Sun cream: Should you wear sun cream indoors? What factor sun cream should i wear?

If you have ever watched a celebrity interview about beauty routines, you will know that most of the people we idolise for their looks swear by wearing sunscreen every single day. Not only is sun protection the key to a youthful complexion as we age, but it’s also essential in preventing sun damage and lowering your risk of skin cancer. It is 35C today, with the rest of the week predicted to be sunny too. We all know we should be wearing suncream, but should we wear it inside and what factor should we wear? chats to Dermatologist at Urban Retreat Dr. Luca Russo for find out all you need to know.

When should I wear sunscreen?

Dr. Russo said: “Suncream should be worn whenever the daily Ultraviolet index (UV index) is above two.”

The UV index is an international standard measurement of the strength of sunburn-producing UV radiation at a particular place and time.

You can check the daily UV index for your area on the Met Office website here.

If it is two or more, you must wear suncream.

Today, it is as high as 4 in parts of the UK and definitely more than 2 everywhere else in the UK. 

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Should I wear sunscreen indoors too?

Whether you are indoors or outdoors, if the UV index is more than two, you must wear sunscreen.

Dr. Russo explained: “UVA penetrates clouds and glass, so you must wear sunscreen if the UV index is above two, even if you are staying indoors all day.”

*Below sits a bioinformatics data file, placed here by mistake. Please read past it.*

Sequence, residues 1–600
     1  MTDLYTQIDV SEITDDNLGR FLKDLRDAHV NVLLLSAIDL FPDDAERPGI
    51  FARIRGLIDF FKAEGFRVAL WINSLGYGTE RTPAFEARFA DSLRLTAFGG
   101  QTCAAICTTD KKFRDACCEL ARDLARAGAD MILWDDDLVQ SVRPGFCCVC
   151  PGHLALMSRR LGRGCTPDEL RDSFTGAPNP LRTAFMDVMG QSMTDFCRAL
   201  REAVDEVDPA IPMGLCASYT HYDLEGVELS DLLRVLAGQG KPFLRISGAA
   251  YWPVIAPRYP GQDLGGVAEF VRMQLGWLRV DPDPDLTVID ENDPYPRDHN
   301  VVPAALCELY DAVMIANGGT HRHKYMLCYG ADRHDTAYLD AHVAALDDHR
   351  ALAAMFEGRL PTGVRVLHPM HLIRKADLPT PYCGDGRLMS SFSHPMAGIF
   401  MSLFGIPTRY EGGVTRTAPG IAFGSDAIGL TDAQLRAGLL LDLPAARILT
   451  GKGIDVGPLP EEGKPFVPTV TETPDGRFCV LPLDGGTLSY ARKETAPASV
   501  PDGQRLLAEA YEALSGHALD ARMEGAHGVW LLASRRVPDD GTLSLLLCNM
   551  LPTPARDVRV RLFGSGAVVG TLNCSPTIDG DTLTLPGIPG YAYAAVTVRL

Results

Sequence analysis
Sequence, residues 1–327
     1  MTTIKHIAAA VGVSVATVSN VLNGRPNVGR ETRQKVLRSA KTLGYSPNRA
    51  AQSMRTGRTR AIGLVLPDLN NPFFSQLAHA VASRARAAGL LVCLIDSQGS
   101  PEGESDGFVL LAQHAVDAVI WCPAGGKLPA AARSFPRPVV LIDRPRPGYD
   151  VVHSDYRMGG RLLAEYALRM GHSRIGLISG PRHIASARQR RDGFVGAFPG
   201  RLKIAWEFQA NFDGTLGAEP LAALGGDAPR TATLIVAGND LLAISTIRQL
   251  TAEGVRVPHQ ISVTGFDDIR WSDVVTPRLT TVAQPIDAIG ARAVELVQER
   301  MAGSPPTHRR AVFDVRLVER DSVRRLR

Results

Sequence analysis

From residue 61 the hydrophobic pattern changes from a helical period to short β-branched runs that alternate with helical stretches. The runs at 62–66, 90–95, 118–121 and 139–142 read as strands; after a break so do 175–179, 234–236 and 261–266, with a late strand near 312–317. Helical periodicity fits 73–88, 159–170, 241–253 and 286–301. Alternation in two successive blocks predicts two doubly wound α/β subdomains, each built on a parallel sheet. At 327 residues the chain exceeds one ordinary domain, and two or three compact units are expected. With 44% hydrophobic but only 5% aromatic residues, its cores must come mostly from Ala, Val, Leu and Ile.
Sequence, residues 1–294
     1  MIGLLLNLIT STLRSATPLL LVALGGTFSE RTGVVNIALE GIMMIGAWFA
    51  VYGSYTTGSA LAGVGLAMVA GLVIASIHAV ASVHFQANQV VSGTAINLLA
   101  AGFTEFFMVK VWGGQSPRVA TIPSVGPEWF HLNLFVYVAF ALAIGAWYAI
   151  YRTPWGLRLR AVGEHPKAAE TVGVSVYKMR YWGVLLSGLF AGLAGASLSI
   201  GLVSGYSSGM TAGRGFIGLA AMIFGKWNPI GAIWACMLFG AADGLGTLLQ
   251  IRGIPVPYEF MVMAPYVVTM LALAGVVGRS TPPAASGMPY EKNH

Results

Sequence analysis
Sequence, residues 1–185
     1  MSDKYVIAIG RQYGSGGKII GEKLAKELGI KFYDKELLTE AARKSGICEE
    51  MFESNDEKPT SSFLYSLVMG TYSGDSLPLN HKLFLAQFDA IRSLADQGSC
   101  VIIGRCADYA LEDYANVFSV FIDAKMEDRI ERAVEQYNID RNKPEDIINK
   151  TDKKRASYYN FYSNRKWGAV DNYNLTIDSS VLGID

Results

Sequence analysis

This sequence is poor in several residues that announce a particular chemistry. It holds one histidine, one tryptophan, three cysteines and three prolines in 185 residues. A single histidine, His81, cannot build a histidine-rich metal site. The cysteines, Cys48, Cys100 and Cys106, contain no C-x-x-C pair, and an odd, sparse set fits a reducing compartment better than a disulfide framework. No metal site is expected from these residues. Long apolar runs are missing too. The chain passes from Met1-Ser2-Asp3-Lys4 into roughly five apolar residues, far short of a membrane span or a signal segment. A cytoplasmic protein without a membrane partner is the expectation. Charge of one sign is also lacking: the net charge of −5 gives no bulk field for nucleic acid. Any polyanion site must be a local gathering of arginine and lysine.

This means it is time to slather on the suncream even while you’re inside by the cool fan. 

Suncream expires, so check the expiration date on the bottle of any bottles you have lying around before you use them.

Should I ever let my skin in direct sunlight?

Dr. Russo recommends letting your skin have a little time in the sun without suncream on.

He said: “Allow direct sun exposure for 15 minutes a day, ideally between 10am and 12am.

“You can expose any part of the body, except your face, décolletage and hands.

“This will allow Vitamin D production.”

Vitamin D is essential for the regulation of the immune system and helps to keep bones, teeth and muscles health.

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What factor suncream should I wear?

You might need a different factor sunscreen for your face and body.

Dr Russo said: “The ideal level of SPF should be chosen according to your skin type for both face and body.

“As a general rule, children up to the age of 16, skin types one and two, and anyone with a family history of skin cancer should use an SPF 50+.

“Any other skin types should wear an SPF 30.”

When Dr Russo talks about skin types one and two, he is referring to the Fitzpatrick scale.

You can find the scale online and use it to find out which skin type you are.


Do different skin types need different sunscreens?

Yes, different skin types have different needs when it comes to selecting the right sunscreen.

Dr Russo said: “The main difference between the 6 Fitzpatrick skin types classification is the level of endogenous melanin and the capability to burn and develop a suntan.

“Skin types 1 and 2 have minimal endogenous melanin, burn easily and do not develop a suntan.

“These are the most vulnerable skin types, at risk of premature sun damage, skin ageing and skin cancer.

“The recommendation is to use an SPF 50+.”

If you are skin types three to six, you will require a lower SPF.

Dr Russo explained: “Other skin types have more endogenous melanin but most importantly, they develop a tan after sun exposure.

This increases the level of endogenous melanin and therefore sun protection.

“The recommendation for those individuals is to use an SPF 30.”

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